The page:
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Here in France many people, especially the 10% out of work, are, as usual, hoping  they can make it financially till the end of the month.  Among the 50% of us who pay taxes, not a few are wondering how they are going to pay their next tax bills.  A fortunate minority, including me, and not only the filthy rich, are financially comfortable enough not to have such worries.  They are more concerned about keeping their jobs (or their pensions), avoiding burn-out (or dementia), and being at a safe distance when the next terrorist commits the next mass-murder.

Some are concerned about all those immigrants flooding into France and other wealthy countries in Europe.  They are not worried FOR the immigrants but BY them, about the burden if not the threat they represent (some of them at least, Trump would claim, must be terrorists !).  “Re-establish borders, refuse entry the way Hungary does, send them back to the war-zone.  Charity begins at home.  We’ve got enough problems as it is.  As a respected French Prime Minister once said : ‘France cannot take in the misery of the whole world.’  Hey, I’d like another beer.”

I recently saw a movie entitled “Indian Summers”.  The title referred not to unusually warm days in Autumn but to the laid-back life of Brits who had decided to confiscate the sub-continent.  It portrayed how the British in the 19th and 20th centuries lived in luxury in this pearl of the Empire, while the vast majority of its Indian population lived in squalor, unless they were employed as servants (“boys”) of the foreign ruling class.

The Haves and the Have-Nots.  It was ever thus.  The former often owe their good fortune to their exploitation of the less fortunate, and, naturally, are dedicated to the status quo.  (Some even claim their “divine right” to their privileges.)  But there have always been others who fight for equality : equality of opportunity and of human rights, beginning with the right to have enough to eat, a place to live, a job to provide for one’s family, an education for their children as well as their and their own health care.  In India Gandhi gave his life to the cause of justice and the emancipation of his people.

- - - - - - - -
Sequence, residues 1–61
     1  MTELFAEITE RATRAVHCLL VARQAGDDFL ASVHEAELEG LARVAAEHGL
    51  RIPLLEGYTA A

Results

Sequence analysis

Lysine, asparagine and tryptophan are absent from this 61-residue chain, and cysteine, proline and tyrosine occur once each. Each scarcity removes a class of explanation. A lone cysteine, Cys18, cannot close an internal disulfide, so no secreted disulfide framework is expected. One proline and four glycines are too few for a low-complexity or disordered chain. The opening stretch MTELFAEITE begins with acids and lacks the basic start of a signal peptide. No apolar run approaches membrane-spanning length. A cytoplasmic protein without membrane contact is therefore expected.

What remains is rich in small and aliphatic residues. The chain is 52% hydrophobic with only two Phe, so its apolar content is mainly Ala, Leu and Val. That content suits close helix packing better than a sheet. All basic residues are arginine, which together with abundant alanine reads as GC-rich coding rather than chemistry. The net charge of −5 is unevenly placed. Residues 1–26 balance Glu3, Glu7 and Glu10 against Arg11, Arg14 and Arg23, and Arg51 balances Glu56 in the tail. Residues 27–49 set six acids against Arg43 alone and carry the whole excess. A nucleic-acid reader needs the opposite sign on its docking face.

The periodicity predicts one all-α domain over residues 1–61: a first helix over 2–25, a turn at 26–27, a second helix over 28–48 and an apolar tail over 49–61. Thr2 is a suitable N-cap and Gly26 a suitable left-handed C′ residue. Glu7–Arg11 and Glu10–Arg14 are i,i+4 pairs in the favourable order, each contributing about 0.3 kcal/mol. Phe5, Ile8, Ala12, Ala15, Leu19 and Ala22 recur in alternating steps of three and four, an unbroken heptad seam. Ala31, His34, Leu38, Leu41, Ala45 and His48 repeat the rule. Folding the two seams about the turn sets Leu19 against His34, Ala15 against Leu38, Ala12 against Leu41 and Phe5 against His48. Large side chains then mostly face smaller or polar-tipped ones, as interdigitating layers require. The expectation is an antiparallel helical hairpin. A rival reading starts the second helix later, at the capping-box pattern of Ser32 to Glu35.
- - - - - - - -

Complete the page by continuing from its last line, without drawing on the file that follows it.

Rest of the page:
Every day we see unbearable evidence that the world, including India, is still far from Gandhi’s dream, as the U.S. is still far from Martin Luther King’s.  Many of us feel we should do something to help eradicate poverty, to feed the hungry, to stop the wars and to care for their refugees.  The Pope, and many Catholic parishes, have offered accommodation and assistance to a tiny, token fraction of the immigrants fleeing war-zones and poverty.  We feel guilty and ashamed of our own indifference – or refusal – to give of ourselves and of our substance to our fellow human beings, whether abroad, at our borders or begging in our own mean streets.  We may admire “Doctors without Borders” and the activists of other NGOs, but content ourselves, at best, with an occasional, tax-deductible, miniscule check.

Atheists or non-atheists, we all face a problem of conscience – if we have not already anaesthetized it.  Whatever the source of our motivation, our very humanity obliges us to allow poverty and injustice to challenge our innate selfishness.  The degree of our unselfishness will depend on whether or not we believe in liberty, equality and fraternity – universal values which we either allow to remain just a slogan or ideals which give meaning to our human condition.  God does not help those who help themselves.  But God help us if we do not help others.  A selfish world is not only short-sighted but ultimately suicidal.

Am I my brother’s keeper ?  My three brothers are all dead, as is one of my three sisters.  But Christ told us that our neighbors are our brothers and sisters.  I live in a semi-detached house.  My immediate neighbor, on the other side of the wall we share, lives alone like me.  She is five years older than me, which makes her 85.  She has already had a couple of falls, so her daughter has given me the keys to intervene should her mother need help.  It’s not much, but it’s the least I can do – until I myself need a neighbor to be his brother’s keeper, or at least watch-dog.  No man or woman should be, unless they prefer it that way, an island.